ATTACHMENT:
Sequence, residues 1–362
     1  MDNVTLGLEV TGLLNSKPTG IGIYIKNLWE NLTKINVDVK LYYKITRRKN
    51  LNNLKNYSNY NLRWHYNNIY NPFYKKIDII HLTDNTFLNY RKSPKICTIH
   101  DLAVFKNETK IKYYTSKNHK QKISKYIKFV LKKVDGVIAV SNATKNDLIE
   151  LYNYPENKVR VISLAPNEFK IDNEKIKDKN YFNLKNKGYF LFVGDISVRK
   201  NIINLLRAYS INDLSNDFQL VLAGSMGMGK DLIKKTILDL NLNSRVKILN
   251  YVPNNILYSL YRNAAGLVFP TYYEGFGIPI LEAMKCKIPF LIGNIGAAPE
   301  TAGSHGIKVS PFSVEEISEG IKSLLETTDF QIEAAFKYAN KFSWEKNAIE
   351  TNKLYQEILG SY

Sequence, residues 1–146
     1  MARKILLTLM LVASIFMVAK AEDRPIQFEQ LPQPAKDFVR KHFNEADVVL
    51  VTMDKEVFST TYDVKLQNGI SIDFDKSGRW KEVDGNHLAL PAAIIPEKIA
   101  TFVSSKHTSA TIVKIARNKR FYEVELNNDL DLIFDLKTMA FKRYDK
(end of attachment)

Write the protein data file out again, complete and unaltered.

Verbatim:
Sequence, residues 1–362
     1  MDNVTLGLEV TGLLNSKPTG IGIYIKNLWE NLTKINVDVK LYYKITRRKN
    51  LNNLKNYSNY NLRWHYNNIY NPFYKKIDII HLTDNTFLNY RKSPKICTIH
   101  DLAVFKNETK IKYYTSKNHK QKISKYIKFV LKKVDGVIAV SNATKNDLIE
   151  LYNYPENKVR VISLAPNEFK IDNEKIKDKN YFNLKNKGYF LFVGDISVRK
   201  NIINLLRAYS INDLSNDFQL VLAGSMGMGK DLIKKTILDL NLNSRVKILN
   251  YVPNNILYSL YRNAAGLVFP TYYEGFGIPI LEAMKCKIPF LIGNIGAAPE
   301  TAGSHGIKVS PFSVEEISEG IKSLLETTDF QIEAAFKYAN KFSWEKNAIE
   351  TNKLYQEILG SY

Sequence, residues 1–146
     1  MARKILLTLM LVASIFMVAK AEDRPIQFEQ LPQPAKDFVR KHFNEADVVL
    51  VTMDKEVFST TYDVKLQNGI SIDFDKSGRW KEVDGNHLAL PAAIIPEKIA
   101  TFVSSKHTSA TIVKIARNKR FYEVELNNDL DLIFDLKTMA FKRYDK